EU: Commission Proposes Package of Measures for EU Sustainable Finance Framework
On June 13, 2023, the European Commission put forward a new package of measures building on the foundations of the EU sustainable finance framework.
The package includes, notably:
- a new set of EU Taxonomy criteria, approved in principle, regarding economic activities with a substantial contribution to one or more non-climate environmental objectives. The criteria cover (i) the sustainable use and protection of water and marine resources; (ii) the transition to a circular economy; (iii) pollution prevention and control; and (iv) the protection and restoration of biodiversity and ecosystems. To help navigate the increasingly complex web of regulation, the Commission also published an EU Taxonomy User Guide;
- targeted amendments to the EU Taxonomy Climate Delegated Act focusing on the manufacturing and transport sectors. The amendments will be transmitted to the European Parliament and the Council for review and are expected to apply from January 2024; and
- the proposal for a regulation of ESG ratings providers (the “Regulation”) by the European Securities and Markets Authority (“ESMA”). If adopted, the Regulation would require ESG ratings providers to be authorized and supervised by ESMA. Under the proposed Regulation, ESG ratings providers will be prohibited from providing services related to activities including the issuance and sale of credit ratings, the development of benchmarks, investment activities, or audit activities. ESMA’s aim is to prevent conflicts of interest. Ratings providers would also be required to disclose methodologies, models, and key rating assumptions used in ESG ratings.
Text of Regulations
U.S.: First Constitutional Climate Change Trial Begins in Montana
On June 12, 2023, the trial in Held v. State of Montana—the United States’ first constitutional climate change lawsuit going to trial—began in Helena, Montana. The claim was brought in March 2020 by Our Children’s Trust, a nonprofit public interest law firm, who sued on behalf of 16 young plaintiffs claiming that Montana’s support of fossil fuels violates the government’s obligation to maintain a “clean and healthful environment,” as mandated in the state constitution.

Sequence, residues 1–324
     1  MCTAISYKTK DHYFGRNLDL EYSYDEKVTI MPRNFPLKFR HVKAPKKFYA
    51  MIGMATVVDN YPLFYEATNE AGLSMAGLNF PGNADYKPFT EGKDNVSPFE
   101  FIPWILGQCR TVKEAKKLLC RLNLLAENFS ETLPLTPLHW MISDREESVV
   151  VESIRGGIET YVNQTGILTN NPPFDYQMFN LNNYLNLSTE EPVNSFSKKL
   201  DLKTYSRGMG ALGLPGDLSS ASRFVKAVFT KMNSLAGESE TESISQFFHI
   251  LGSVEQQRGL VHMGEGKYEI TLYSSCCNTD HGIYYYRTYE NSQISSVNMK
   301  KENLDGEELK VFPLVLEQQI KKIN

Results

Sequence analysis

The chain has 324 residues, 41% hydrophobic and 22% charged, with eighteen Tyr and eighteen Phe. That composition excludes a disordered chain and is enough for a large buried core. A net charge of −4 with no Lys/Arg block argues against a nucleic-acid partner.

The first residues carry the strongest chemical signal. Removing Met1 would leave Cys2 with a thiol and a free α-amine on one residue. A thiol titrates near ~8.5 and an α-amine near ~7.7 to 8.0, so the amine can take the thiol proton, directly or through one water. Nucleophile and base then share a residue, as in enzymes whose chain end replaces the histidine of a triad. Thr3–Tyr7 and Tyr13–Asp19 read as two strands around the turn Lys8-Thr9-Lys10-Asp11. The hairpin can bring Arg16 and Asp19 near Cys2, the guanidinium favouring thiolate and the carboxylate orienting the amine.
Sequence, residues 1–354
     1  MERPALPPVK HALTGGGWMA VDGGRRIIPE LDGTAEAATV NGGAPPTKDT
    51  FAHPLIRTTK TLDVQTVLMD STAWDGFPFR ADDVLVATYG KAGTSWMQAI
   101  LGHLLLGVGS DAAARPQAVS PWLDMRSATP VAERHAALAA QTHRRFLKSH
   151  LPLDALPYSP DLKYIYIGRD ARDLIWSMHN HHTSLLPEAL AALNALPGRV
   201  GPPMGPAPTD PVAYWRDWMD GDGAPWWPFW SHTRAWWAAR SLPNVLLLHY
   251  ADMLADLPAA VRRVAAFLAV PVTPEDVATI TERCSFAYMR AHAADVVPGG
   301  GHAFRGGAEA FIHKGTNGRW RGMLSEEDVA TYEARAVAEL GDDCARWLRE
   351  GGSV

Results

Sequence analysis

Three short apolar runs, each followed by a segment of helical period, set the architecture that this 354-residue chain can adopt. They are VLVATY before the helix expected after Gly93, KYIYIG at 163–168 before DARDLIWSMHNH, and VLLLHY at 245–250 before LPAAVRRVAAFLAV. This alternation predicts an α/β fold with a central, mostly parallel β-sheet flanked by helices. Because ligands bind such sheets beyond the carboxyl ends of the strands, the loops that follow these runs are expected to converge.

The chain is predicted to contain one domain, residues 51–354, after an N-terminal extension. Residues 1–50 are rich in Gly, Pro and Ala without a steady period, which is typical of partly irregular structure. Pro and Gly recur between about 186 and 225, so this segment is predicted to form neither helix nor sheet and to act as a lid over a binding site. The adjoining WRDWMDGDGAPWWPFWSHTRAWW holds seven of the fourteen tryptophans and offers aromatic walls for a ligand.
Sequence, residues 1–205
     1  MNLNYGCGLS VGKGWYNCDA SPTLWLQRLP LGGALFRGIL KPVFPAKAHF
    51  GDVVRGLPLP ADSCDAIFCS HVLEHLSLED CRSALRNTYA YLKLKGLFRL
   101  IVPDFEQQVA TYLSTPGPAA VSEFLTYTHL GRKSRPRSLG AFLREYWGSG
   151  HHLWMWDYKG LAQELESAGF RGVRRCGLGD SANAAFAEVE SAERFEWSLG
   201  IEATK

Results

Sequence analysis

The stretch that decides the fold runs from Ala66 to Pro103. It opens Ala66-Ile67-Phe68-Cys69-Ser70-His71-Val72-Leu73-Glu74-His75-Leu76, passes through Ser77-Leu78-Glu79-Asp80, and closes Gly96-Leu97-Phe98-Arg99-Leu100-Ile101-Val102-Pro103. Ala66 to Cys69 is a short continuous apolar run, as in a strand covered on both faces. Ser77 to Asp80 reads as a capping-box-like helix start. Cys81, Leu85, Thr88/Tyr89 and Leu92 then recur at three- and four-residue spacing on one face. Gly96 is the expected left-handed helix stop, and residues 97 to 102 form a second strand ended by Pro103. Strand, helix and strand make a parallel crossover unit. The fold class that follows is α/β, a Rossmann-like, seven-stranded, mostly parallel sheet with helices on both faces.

Specifically, the plaintiffs seek a declaratory judgment that the State Energy Policy and Climate Change Exception to the Montana Environmental Policy Act are unconstitutional. The plaintiffs dropped their plea for injunctive relief after the court held that such a remedial plan or policy would violate the political question doctrine. The doctrine provides that courts cannot decide matters that are better left to the executive or legislative branches.
In opposition to the suit, Montana has argued that climate change should be addressed through political processes rather than through the courts. Montana further argued that climate change cannot be attributed directly to the state’s policies on fossil fuels.
Our Children’s Trust Press Release
U.S.: Congress Ramps Up Activities Related to ESG
On June 14, 2023, the Chair of the House Judiciary Committee, Jim Jordan, issued a subpoena against Ceres, a sustainability nonprofit, calling for Ceres’ CEO Mindy Lubber to appear before the Committee on July 7. The subpoena follows a letter sent by Mr. Jordan in May, in which he alleged that Ceres appears to ‘facilitate collusion” in potential violation of antitrust laws, through its sponsoring of Climate Action 100+. Representative Jordan asserts that Ceres failed to adequately respond to the request for information. Ceres denies the allegations, on the basis that Climate Action 100+ acts as an open hub in which investors can freely engage on ESG issues. Other companies working with the investor coalition have also been served with requests for information by Republican officials, to which they provided a similar response (more on this here).